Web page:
James Scarlett, the world’s greatest expert on Scottish tartans, who died in May this year aged 87, once said: “I never believe anything I see in print, even though I wrote it myself.” I know how he feels. James Sumner, another historian, who knows, probably, more about the origins of porter than anyone else, has been in touch to point out that in my piece on three-threads, the drink that was claimed to be one of the early 18th century precursors to porter, I made one of the worst mistakes anybody with any pretensions to being a historian can perpetrate: I failed to go back to the original sources.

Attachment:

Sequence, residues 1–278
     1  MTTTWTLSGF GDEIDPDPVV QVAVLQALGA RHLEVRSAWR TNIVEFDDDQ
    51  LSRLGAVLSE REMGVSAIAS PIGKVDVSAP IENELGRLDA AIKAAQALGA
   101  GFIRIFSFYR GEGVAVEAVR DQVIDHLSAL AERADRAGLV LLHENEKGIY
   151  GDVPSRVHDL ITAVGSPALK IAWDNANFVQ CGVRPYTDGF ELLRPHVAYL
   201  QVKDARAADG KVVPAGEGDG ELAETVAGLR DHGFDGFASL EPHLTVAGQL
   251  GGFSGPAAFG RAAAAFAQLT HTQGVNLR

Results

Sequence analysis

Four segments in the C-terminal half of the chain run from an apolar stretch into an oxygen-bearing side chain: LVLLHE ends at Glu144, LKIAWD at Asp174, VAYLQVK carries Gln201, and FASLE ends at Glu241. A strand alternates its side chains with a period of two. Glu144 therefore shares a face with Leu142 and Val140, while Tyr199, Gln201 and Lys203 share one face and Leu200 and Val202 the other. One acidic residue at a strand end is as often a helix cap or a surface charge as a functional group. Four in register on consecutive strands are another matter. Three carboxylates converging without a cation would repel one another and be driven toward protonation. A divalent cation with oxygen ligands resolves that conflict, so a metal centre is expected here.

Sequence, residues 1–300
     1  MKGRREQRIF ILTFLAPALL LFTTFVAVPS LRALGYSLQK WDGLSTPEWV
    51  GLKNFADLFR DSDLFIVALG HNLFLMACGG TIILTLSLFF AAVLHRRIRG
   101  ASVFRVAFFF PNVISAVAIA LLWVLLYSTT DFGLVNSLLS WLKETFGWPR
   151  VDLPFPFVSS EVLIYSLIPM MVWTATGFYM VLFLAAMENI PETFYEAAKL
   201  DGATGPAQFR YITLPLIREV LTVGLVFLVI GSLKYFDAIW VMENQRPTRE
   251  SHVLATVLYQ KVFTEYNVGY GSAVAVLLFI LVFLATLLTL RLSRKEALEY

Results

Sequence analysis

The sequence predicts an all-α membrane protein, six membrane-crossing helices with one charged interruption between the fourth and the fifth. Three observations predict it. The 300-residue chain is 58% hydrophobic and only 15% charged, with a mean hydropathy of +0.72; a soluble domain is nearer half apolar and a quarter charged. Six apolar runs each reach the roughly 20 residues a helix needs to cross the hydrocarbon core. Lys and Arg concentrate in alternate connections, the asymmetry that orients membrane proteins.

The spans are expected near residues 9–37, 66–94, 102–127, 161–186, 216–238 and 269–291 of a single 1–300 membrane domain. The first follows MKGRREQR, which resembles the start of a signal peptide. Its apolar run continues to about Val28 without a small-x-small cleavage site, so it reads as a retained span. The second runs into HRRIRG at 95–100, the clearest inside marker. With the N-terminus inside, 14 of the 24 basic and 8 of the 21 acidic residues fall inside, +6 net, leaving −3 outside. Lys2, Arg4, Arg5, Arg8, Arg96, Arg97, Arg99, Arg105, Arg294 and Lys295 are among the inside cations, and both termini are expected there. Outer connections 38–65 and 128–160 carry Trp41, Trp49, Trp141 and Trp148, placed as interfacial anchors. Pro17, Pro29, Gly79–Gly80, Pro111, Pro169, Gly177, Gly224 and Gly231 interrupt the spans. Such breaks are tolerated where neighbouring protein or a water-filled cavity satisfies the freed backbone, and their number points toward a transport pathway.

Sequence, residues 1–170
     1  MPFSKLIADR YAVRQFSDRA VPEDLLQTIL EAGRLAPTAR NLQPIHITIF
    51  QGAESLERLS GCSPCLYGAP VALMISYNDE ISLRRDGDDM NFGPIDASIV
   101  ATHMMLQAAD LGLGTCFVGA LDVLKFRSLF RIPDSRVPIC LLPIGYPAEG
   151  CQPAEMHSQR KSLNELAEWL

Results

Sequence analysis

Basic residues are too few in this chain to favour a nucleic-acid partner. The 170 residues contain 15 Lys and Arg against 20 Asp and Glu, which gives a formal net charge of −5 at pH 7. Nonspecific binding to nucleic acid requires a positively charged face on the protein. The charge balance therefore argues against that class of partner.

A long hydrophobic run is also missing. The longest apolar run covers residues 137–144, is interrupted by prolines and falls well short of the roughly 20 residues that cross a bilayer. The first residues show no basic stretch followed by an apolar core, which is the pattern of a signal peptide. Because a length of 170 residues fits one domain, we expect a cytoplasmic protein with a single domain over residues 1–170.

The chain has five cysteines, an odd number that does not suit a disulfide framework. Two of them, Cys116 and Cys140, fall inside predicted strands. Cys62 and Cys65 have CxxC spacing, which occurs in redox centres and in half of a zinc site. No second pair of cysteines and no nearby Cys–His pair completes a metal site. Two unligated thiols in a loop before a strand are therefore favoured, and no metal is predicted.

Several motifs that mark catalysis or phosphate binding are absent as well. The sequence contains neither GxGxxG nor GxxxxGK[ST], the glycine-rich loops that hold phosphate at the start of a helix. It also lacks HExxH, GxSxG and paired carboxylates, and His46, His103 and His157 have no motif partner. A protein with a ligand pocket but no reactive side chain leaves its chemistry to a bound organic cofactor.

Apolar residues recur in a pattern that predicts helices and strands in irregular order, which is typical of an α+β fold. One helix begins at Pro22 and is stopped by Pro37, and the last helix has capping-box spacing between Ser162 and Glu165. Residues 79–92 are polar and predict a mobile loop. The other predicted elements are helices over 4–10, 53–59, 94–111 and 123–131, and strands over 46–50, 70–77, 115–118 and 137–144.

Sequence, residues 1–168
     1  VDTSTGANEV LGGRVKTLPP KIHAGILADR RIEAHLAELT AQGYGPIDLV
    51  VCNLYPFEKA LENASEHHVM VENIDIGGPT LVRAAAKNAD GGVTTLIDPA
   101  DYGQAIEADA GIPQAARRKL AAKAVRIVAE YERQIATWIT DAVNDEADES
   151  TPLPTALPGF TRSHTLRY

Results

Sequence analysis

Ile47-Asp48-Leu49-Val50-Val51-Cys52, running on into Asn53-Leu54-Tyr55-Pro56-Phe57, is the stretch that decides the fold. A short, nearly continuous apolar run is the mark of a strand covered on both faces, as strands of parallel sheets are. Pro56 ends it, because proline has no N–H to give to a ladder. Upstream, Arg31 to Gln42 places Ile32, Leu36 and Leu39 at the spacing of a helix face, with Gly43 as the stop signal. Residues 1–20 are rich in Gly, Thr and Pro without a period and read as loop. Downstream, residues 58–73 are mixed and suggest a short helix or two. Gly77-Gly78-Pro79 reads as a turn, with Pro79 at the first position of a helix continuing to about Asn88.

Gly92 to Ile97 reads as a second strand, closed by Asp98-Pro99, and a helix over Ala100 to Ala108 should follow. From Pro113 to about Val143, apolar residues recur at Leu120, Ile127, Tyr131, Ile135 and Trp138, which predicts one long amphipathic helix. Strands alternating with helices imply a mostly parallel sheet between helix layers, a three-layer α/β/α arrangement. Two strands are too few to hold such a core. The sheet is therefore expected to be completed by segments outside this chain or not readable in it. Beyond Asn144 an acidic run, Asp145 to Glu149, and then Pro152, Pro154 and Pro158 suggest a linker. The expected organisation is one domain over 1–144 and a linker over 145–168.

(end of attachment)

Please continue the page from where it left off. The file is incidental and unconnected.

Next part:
The problem was that I was contrasting the famous letter that appeared in the London Chronicle in November 1760 from “Obadiah Poundage” that gives the earliest details of porter’s origins with the version of Poundage’s narrative that appeared soon after in The Gentleman’s Magazine, and quoting from the copy of the London Chronicle letter that appears in HS Corran’s A History of Brewing. The point I was making is that the Gentleman’s Magazine version mention’s three-threads, whereas the version quoted by Corran doesn’t.
But Dr Sumner, who is lecturer in history of technology at the Centre for the History of Science, Technology and Medicine, University of Manchester, did what I should have done and went and read the London Chronicle. There he discovered, the version Corran quotes isn’t the one that actually appears in the Chronicle. In fact, the Chronicle‘s version does mention three-threads, whereas Corran’s version substitutes the words “ale, mild beer and stale”.